LIUS funding big win for New Zealand women, says College
31 October 2019
The College welcomes PHARMAC’s decision to fund contraceptive devices Mirena and Jaydess, making them available for more women from 1 November 2019.
PHARMAC estimates this new funding announcement will benefit around 21,000 New Zealand women.
The College received a significant amount of member feedback regarding the benefits for women who did not fit the current funding criteria, and in response prepared a compelling submission to PHARMAC advocating that it be made more widely available.
College Medical Director Dr Bryan Betty says the College’s voice was influential and powerful and has been used to achieve a positive outcome which will benefit many New Zealanders.
“PHARMAC’s move is a big step forward, something we’ve been asking for years,” says Bryan.
While the physical device is now fully funded, women will still need to pay for administrative costs related to having the IUD inserted or removed, such as seeing a doctor or nurse.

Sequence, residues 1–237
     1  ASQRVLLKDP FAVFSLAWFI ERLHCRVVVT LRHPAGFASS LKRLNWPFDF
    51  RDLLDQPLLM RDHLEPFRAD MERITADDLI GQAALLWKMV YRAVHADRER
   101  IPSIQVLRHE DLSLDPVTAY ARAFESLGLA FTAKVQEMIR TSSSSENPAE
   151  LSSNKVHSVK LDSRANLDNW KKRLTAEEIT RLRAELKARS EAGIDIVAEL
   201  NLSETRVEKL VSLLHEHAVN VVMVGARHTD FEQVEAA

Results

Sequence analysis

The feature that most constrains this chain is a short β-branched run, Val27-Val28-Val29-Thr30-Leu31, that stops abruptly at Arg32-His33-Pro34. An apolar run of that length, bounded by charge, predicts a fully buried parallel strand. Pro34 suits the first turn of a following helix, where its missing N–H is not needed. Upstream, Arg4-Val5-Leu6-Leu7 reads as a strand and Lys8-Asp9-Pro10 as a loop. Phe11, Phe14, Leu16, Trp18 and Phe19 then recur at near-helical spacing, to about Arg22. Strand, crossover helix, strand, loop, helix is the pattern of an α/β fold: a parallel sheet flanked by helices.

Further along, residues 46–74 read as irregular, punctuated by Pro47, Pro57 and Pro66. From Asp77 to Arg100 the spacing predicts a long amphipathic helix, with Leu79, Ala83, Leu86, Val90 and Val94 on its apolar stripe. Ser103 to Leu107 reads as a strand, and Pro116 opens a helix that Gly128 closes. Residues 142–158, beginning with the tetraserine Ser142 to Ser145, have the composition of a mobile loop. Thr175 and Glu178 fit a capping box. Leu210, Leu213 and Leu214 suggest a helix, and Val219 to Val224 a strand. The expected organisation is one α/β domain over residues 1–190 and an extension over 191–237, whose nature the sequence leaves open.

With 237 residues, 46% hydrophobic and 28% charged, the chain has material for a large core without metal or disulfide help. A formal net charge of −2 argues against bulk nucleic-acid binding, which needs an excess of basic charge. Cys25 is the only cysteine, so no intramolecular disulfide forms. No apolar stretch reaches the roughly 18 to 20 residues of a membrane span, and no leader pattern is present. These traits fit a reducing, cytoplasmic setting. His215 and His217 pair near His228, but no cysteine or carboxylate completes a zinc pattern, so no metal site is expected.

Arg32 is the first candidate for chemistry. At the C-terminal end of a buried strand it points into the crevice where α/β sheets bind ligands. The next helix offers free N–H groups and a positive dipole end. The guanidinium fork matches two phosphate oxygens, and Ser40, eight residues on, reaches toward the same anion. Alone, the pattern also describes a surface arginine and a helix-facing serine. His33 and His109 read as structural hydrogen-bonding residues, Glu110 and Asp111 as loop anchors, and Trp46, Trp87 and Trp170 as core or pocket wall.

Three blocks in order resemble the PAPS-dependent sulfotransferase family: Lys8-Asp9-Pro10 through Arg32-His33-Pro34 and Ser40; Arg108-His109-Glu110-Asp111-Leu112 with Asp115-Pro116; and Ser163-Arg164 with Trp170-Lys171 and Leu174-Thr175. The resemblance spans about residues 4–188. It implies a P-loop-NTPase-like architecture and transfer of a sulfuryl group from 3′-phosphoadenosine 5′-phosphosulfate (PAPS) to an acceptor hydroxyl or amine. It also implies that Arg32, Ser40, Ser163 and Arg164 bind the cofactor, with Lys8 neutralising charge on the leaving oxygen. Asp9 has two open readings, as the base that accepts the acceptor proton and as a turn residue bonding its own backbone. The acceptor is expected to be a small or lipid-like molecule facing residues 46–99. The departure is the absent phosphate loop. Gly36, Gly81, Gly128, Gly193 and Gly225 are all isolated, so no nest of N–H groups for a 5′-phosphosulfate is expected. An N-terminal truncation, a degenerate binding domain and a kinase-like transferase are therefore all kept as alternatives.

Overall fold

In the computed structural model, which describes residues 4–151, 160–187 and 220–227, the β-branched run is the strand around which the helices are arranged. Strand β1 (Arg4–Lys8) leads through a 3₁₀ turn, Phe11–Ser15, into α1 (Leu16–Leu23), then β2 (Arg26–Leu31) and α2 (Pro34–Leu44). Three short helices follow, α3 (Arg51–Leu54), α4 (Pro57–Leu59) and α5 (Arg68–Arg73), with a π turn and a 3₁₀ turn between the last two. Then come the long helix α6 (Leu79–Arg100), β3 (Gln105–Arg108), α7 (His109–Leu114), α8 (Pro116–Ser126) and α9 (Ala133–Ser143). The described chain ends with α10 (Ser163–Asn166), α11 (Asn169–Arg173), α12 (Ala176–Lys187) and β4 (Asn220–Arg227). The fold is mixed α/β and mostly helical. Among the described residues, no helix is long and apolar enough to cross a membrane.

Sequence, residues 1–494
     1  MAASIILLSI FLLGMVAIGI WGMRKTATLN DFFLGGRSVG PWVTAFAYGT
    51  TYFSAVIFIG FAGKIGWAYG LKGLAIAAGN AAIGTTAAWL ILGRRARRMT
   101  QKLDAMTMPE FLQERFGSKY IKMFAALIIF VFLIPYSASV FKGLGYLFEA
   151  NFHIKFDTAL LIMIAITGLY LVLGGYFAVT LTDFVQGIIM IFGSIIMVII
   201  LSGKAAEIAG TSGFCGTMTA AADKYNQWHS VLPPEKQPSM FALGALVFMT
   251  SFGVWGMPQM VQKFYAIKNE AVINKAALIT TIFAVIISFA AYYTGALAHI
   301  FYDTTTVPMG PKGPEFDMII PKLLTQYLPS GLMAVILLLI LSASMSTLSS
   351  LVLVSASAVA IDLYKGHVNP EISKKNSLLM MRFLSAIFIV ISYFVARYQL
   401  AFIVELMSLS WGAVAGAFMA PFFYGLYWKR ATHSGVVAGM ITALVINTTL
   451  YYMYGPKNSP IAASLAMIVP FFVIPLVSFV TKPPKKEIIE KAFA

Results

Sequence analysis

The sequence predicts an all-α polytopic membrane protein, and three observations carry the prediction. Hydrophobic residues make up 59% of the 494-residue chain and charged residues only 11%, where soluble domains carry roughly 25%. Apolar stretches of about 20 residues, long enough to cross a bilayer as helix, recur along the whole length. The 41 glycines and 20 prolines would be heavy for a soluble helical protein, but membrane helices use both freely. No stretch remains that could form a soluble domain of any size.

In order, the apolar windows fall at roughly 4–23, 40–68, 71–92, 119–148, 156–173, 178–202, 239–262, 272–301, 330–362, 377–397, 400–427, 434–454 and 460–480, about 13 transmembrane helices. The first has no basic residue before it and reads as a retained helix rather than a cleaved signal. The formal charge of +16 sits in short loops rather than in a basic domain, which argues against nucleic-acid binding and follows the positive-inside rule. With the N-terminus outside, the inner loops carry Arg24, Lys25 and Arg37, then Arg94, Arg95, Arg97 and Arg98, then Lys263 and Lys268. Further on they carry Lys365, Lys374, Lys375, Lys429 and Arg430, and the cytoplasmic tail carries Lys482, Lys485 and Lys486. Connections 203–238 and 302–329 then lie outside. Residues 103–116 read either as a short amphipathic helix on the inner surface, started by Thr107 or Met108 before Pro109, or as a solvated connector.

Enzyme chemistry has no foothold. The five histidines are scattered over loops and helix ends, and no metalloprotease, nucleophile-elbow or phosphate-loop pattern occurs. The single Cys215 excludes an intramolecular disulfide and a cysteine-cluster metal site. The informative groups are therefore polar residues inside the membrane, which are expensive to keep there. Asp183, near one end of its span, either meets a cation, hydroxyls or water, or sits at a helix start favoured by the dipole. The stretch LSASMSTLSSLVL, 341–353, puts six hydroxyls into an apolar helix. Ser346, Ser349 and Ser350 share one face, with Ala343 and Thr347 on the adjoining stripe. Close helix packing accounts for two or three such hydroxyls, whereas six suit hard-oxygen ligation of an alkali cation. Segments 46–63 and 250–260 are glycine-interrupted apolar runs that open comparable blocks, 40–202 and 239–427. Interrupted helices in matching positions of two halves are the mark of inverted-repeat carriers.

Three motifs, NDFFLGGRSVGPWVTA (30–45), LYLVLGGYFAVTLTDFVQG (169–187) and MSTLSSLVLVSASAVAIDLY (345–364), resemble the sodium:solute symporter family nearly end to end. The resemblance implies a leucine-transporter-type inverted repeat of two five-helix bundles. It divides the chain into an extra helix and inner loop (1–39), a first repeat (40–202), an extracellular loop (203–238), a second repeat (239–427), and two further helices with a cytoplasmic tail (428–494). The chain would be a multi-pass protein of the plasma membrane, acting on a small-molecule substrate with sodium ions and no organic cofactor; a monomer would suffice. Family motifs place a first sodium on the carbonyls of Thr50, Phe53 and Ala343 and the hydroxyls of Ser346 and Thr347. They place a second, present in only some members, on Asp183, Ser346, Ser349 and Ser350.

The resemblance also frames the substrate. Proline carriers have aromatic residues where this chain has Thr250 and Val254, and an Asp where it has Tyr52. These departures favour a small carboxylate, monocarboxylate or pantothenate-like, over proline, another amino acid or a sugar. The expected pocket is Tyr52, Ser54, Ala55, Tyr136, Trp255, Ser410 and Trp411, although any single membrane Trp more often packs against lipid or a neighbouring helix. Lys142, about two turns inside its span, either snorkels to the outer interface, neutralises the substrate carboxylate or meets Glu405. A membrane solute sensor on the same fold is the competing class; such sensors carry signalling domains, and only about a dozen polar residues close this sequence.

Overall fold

“The fact that fees for insertion or removal is not nationally [funded] could present an equity issue,” says Bryan.
From 1 November 2019, GPs can prescribe either Mirena or Jaydess for any appropriate use.
Jaydess is commonly prescribed only for contraception, whereas Mirena is used for contraception as well as other indications – such as the management of heavy menstrual bleeding, endometriosis and endometrial hyperplasia without atypia.
There will be no change to the current funded brand of LIUS 52mg.
The supplier will continue to be responsible for providing comprehensive insertion and removal training for clinicians nationwide.
East Auckland GP and College Fellow, Dr Orna McGinn is also pleased, having brought this issue into the spotlight with a petition that received more than 4,500 signatures –but she has highlighted there is more work to do.
"While I am really happy that the Mirena device is now available to all women who request it, it's not the end of the story,” says Orna.
"Funding needs to be granted for the insertion of the device as well. We need to ensure that there are no barriers for the women who need it.
"Contraception is not just a women's issue, it's a basic public health measure that can make difference to our country in many different ways," says Orna. "The battle isn't over yet.”